Jack Ginsburg, MPE
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Ginsburg J. Physicians and Joint Negotiations. Ann Intern Med. 2002;136:710-711. doi: 10.7326/0003-4819-136-9-200205070-00023
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Published: Ann Intern Med. 2002;136(9):710-711.
Dr. Glass highlights some of the thorny issues that ACP–ASIM struggled with in developing its position paper. The College recognized that it will be a major challenge for physicians to fulfill their individual and collective responsibilities for professionalism in the face of organized activity to negotiate collectively with managed care organizations and other third-party payers. The College felt strongly that as members of the medical profession, physicians have ethical responsibilities and obligations to patients that must limit the scope of negotiations and restrict physicians from engaging in activities, such as strikes or other organized actions, that would jeopardize patient care. Consequently, the College sought to differentiate between collective bargaining, which implies an adversarial relationship between unions and employers, and joint negotiations that would be limited primarily to issues that affect quality of and access to patient care. Determining which issues affect quality and access is, as Dr. Glass points out, extremely difficult.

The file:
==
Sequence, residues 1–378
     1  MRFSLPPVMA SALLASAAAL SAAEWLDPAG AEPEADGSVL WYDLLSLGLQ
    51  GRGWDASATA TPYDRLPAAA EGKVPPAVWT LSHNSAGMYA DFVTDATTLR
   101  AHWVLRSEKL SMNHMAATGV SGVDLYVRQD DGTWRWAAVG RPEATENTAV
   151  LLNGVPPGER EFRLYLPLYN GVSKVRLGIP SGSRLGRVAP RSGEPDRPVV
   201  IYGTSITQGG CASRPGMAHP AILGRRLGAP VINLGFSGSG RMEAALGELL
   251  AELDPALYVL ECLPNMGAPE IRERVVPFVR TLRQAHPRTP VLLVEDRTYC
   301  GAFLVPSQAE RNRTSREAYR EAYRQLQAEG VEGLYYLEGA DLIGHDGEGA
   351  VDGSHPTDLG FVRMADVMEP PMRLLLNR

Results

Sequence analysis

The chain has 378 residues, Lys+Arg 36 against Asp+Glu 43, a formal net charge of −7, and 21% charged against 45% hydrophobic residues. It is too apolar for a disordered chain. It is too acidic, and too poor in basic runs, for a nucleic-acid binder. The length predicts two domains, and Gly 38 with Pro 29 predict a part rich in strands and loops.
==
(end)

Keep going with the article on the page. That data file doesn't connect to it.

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Print ISSN: 0003-4819 | Online ISSN: 1539-3704
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